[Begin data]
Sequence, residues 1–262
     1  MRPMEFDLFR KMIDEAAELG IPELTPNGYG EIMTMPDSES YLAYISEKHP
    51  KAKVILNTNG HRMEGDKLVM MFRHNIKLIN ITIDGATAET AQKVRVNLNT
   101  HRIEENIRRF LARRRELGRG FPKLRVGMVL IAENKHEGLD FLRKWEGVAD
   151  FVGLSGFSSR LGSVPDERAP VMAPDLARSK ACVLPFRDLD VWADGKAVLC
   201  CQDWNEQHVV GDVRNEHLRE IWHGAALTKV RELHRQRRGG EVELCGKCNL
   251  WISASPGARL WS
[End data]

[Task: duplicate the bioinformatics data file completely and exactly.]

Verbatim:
Sequence, residues 1–262
     1  MRPMEFDLFR KMIDEAAELG IPELTPNGYG EIMTMPDSES YLAYISEKHP
    51  KAKVILNTNG HRMEGDKLVM MFRHNIKLIN ITIDGATAET AQKVRVNLNT
   101  HRIEENIRRF LARRRELGRG FPKLRVGMVL IAENKHEGLD FLRKWEGVAD
   151  FVGLSGFSSR LGSVPDERAP VMAPDLARSK ACVLPFRDLD VWADGKAVLC
   201  CQDWNEQHVV GDVRNEHLRE IWHGAALTKV RELHRQRRGG EVELCGKCNL
   251  WISASPGARL WS